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After reporting positive results from a mid-stage test for its bladder pain syndrome/interstitial cystitis drug AQX-1125 on Aug. 7, Aquanox stock took off like a rocket.
An intervening weekend did little to settle things down. On the following Monday, AQXP stock briefly touched $55.75, adding another 435%. At that moment, the frothy biotech stock was up an incredible 3,014% from its Aug. 6 close. Yowza.
After hitting that peak, Aquanox just as suddenly fell. By the end of Monday's session, AQXP was at $18.88 – still an impressive 81.2% gain on the day and 955% higher than the Aug. 6 close.
Since then, Aquanox has resumed its climb. It closed at $22 today (Friday), giving the biotech stock a six-day gain of 1,129%.
For those who previously owned AQXP stock, it was like winning the lottery. But any investors who tried to jump into the fray after the price started soaring took a huge risk.
Why? The answer to that lies in how all this happened.
Biotech Stocks Are Naturally Volatile
"I think this was, in some ways, a 'perfect storm' for this stock – though the scope of the jump in price per share is pretty much unheard of," said Money Morning Biotech Investing Specialist Ernie Tremblay.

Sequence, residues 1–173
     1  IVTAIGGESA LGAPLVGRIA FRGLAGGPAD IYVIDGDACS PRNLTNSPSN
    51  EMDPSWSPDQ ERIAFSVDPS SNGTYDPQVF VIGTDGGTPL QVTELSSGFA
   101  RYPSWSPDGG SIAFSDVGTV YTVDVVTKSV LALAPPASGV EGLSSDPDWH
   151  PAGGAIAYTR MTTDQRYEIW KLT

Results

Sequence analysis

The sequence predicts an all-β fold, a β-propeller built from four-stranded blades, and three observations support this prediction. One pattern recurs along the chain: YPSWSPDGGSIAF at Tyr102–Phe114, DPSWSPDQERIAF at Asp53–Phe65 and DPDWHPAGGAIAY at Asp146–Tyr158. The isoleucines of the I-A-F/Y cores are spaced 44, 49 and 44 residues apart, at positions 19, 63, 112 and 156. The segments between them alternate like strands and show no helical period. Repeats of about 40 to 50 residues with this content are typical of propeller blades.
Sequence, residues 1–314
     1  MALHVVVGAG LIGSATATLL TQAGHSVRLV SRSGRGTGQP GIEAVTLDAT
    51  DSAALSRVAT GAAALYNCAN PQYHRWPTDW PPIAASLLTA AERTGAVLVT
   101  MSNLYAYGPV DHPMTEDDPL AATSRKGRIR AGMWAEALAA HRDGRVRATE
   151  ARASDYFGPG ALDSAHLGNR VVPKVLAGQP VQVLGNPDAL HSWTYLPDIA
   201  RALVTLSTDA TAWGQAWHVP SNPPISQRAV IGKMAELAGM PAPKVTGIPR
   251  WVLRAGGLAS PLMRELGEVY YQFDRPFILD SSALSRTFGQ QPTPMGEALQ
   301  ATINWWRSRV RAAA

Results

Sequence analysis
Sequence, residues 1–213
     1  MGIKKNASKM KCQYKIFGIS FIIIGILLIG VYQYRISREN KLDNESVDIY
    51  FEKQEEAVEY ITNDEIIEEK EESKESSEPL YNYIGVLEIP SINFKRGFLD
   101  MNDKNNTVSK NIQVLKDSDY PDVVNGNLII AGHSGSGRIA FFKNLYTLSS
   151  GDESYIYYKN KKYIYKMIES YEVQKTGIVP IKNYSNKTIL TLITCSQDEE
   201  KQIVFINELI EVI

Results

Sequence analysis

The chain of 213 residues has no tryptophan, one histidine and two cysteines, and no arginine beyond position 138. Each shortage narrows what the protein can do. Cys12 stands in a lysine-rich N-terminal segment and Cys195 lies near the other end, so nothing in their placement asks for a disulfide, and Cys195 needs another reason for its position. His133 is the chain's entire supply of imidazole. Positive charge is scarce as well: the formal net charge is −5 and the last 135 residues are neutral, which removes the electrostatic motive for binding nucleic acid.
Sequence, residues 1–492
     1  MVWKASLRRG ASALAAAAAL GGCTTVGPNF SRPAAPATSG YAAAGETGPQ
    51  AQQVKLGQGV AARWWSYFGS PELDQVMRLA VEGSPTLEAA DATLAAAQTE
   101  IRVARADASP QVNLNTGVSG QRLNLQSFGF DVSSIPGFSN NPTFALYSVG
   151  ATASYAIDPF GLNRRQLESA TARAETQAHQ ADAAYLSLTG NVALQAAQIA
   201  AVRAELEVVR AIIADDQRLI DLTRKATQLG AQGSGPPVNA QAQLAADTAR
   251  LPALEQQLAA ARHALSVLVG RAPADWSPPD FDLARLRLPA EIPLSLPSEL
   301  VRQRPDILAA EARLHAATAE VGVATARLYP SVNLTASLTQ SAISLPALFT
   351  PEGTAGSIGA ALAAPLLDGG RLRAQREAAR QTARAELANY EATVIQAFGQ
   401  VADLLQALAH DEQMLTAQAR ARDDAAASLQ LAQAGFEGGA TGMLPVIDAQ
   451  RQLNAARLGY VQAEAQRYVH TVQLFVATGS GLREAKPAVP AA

Let's look at the elements that came together to create this perfect storm.
First, Aquanox is a biotech stock researching new drugs. Biotech stocks have a lot of built-in volatility already, triggered by good or bad news about the drugs in their lab.
According to Tremblay, a typical biotech stock would have gotten a 20% to 100% pop from the kind of news Aquanox reported Aug. 7. But the company also happened to report earnings that day – and beat Wall Street expectations.
Separately, that would have boosted AQXP as well. But the combination of positive news on the AQX-1125 drug and the strong earnings amplified the impact on the stock.
But even that doesn't explain a pop of more than 3,000%.
About the Author
David Zeiler, Associate Editor for Money Morning at Money Map Press, has been a journalist for more than 35 years, including 18 spent at The Baltimore Sun. He has worked as a writer, editor, and page designer at different times in his career. He's interviewed a number of well-known personalities - ranging from punk rock icon Joey Ramone to Apple Inc. co-founder Steve Wozniak.
Over the course of his journalistic career, Dave has covered many diverse subjects. Since arriving at Money Morning in 2011, he has focused primarily on technology. He's an expert on both Apple and cryptocurrencies. He started writing about Apple for The Sun in the mid-1990s, and had an Apple blog on The Sun's web site from 2007-2009. Dave's been writing about Bitcoin since 2011 - long before most people had even heard of it. He even mined it for a short time.
Dave has a BA in English and Mass Communications from Loyola University Maryland.